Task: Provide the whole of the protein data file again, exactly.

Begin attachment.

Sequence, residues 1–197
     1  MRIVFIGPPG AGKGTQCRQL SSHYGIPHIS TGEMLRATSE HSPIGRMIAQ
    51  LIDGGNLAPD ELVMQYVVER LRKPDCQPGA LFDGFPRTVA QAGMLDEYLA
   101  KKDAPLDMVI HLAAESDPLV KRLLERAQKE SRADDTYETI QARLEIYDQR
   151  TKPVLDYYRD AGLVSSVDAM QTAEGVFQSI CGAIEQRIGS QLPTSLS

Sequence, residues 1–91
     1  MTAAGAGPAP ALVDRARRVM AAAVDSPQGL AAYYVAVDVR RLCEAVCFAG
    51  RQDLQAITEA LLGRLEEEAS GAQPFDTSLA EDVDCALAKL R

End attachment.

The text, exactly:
Sequence, residues 1–197
     1  MRIVFIGPPG AGKGTQCRQL SSHYGIPHIS TGEMLRATSE HSPIGRMIAQ
    51  LIDGGNLAPD ELVMQYVVER LRKPDCQPGA LFDGFPRTVA QAGMLDEYLA
   101  KKDAPLDMVI HLAAESDPLV KRLLERAQKE SRADDTYETI QARLEIYDQR
   151  TKPVLDYYRD AGLVSSVDAM QTAEGVFQSI CGAIEQRIGS QLPTSLS

Sequence, residues 1–91
     1  MTAAGAGPAP ALVDRARRVM AAAVDSPQGL AAYYVAVDVR RLCEAVCFAG
    51  RQDLQAITEA LLGRLEEEAS GAQPFDTSLA EDVDCALAKL R